Tresha Barrett (Kyoto)
This article originally featured in the November 2018 issue of Connect.
The Tokyo Metropolitan Government has passed a bill prohibiting discrimination against lesbian, gay, bisexual, transgender (LGBT) people, as well as those belonging to other sexual minorities.
The goal of the Anti-Discrimination Ordinance, which is expected to go into effect in April 2019, is to eliminate hate speech and discrimination against a person’s sexual orientation or gender identity in the time leading up to the 2020 Olympics and Paralympics.
The motivation for the bill is to uphold the Olympic Charter, a set of rules and guidelines that stipulate the organization of the Olympic Games. With regard to human rights, the Olympic Charter states that “The enjoyment of the rights and freedoms set forth in the Olympic Charter shall be secured without discrimination of any kind, such as race, color, sex, sexual orientation, language, religion, political or other opinion, national or social origin, property, birth or other status.”
The bill, aptly named “the ordinance aiming to realize the idea of respect for human rights in the Olympic Charter,” seeks to educate the public about LGBT rights.
The ordinance states: “The Tokyo Metropolitan Government, citizens, and enterprises may not unduly discriminate on the basis of gender identity or sexual orientation.” It also pledges that the government will “conduct measures needed to make sure human rights values are rooted in all corners of the city and diversity is respected in the city.”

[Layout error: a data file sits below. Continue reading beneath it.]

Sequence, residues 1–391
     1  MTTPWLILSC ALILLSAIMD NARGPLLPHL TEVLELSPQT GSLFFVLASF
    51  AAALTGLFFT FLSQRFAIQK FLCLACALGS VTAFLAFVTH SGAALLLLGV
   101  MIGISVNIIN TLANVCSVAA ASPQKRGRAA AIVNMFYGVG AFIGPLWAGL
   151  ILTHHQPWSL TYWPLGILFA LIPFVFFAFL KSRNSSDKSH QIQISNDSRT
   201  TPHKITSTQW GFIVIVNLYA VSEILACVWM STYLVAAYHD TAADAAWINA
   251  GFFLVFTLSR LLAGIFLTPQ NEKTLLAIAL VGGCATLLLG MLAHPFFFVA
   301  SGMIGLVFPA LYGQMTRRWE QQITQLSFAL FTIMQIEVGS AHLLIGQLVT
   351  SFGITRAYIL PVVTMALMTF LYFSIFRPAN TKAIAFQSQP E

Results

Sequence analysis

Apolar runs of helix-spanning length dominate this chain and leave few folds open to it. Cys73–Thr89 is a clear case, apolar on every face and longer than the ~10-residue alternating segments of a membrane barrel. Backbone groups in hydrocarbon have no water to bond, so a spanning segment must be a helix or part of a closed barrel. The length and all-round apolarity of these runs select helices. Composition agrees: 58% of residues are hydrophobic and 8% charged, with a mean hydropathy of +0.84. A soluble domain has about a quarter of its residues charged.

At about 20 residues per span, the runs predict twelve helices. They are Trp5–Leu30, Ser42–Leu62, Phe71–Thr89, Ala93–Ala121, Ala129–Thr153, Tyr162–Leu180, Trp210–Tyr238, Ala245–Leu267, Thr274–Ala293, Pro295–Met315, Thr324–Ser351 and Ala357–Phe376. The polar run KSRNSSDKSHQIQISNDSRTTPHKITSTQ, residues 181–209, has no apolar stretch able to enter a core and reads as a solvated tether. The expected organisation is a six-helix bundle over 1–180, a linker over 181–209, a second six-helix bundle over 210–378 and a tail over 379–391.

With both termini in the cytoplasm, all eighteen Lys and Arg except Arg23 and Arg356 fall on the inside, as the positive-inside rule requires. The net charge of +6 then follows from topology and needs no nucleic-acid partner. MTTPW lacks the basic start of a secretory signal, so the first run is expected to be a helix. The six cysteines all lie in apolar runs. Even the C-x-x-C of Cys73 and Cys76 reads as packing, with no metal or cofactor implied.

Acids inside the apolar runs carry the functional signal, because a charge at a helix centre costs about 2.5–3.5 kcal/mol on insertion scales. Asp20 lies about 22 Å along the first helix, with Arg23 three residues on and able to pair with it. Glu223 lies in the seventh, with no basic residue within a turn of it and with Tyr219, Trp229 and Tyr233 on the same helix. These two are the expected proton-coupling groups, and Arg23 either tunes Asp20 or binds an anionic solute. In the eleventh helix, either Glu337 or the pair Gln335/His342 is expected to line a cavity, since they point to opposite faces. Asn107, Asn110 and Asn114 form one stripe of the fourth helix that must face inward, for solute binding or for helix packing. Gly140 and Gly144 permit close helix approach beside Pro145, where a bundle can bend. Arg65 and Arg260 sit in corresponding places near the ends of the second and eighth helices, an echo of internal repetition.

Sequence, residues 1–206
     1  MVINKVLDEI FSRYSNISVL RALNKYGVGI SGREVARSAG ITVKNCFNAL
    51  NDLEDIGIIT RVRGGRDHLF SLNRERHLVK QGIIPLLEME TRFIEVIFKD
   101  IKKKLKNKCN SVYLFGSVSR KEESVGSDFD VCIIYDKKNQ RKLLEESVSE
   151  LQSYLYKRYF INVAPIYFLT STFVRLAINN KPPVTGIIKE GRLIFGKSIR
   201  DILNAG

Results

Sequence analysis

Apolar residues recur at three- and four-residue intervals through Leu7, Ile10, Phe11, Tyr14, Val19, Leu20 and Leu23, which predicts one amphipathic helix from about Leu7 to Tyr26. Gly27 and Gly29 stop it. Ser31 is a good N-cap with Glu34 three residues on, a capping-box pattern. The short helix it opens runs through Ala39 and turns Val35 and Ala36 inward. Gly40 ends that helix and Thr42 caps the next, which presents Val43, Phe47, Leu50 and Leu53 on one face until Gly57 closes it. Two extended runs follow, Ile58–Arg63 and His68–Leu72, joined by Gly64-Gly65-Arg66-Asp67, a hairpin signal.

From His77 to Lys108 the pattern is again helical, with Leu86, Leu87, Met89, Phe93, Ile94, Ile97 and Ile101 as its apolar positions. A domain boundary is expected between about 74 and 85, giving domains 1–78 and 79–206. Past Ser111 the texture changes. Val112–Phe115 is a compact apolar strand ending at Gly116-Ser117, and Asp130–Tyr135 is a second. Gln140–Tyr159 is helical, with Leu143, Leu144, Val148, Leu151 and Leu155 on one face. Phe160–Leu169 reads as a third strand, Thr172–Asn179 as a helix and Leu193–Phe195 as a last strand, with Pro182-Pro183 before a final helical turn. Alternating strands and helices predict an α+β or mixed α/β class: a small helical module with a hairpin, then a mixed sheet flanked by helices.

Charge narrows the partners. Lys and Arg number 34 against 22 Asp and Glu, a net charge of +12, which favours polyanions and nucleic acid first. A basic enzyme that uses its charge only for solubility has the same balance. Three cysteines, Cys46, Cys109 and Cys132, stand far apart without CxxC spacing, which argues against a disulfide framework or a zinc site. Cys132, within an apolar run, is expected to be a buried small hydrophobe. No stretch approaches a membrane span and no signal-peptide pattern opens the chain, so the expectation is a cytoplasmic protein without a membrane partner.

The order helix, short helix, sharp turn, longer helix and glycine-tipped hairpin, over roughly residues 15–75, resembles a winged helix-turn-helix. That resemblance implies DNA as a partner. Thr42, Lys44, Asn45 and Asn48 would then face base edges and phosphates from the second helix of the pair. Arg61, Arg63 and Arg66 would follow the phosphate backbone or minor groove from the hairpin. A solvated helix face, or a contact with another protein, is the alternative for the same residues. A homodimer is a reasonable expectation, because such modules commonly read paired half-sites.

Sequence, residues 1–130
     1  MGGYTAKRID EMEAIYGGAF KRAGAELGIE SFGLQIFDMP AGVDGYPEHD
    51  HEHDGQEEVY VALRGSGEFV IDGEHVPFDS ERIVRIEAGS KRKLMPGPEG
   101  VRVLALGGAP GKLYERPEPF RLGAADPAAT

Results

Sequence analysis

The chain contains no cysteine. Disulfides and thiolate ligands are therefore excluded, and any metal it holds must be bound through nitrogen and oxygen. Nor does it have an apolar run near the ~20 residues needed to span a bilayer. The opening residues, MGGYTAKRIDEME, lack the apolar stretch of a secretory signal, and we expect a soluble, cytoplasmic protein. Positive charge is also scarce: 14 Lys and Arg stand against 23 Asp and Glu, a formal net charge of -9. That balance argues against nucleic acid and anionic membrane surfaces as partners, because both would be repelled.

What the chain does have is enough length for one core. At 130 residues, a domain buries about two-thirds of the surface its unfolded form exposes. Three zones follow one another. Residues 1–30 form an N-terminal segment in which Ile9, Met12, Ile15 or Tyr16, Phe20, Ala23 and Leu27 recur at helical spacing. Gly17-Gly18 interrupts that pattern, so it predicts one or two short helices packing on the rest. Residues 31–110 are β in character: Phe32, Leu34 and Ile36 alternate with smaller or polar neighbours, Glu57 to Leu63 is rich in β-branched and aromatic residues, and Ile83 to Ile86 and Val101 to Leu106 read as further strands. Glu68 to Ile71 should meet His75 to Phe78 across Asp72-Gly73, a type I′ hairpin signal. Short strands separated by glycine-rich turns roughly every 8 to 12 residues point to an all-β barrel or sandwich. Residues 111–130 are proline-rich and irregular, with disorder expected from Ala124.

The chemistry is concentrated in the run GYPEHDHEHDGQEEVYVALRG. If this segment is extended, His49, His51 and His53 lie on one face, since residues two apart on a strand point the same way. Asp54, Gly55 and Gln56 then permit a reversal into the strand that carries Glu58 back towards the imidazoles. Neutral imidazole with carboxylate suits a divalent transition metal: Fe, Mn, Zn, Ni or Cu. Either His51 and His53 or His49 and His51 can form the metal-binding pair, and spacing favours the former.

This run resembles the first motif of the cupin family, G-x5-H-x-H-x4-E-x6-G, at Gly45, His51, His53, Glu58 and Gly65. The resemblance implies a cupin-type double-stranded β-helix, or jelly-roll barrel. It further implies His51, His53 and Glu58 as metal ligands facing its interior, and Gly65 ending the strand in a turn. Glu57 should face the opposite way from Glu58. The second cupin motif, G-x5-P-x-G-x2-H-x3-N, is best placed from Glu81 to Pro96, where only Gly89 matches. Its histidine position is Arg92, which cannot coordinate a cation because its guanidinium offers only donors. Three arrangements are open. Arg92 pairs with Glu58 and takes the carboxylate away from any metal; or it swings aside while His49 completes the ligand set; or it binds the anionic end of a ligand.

As part of the ordinance, cases such as hospital visits and the renting of apartments for same-sex couples are to become more accessible. Tokyo will also regulate the use of public spaces, such as city parks, to prevent intolerance.
Human Rights Watch, an international non-governmental organization conducting research and advocacy on human rights, was a participant in the government’s open consultation to ensure the act fulfills the fundamental principles of the Olympic Charter.
“The Tokyo Metropolitan Government has enshrined in law its commitment to hosting an inclusive and rights-respecting Olympic games,” said Kanae Doi, Japan director at Human Rights Watch. “The authorities now need to put the policy into action and end anti-LGBT discrimination in schools, workplaces, and the wider society.”
The organization does note, however, that Japan’s national government has taken certain steps to recognize and protect LGBT individuals in recent years. A “Guidebook for Teachers,” which stipulates how LGBT students should be treated at schools, was issued in 2016. Japan was also one of the countries to lead a UNESCO conference on LGBT student bullying that same year.
Furthermore, some local authorities [[https://bit.ly/2NzyGoZ]] have been taking steps to improve LGBT rights. As of April this year, same-sex couples in Fukuoka have been able to have their partnerships legally recognized; and last year Sapporo began to issue official partnership vow papers to those who wanted their same-sex union to be legally recognized.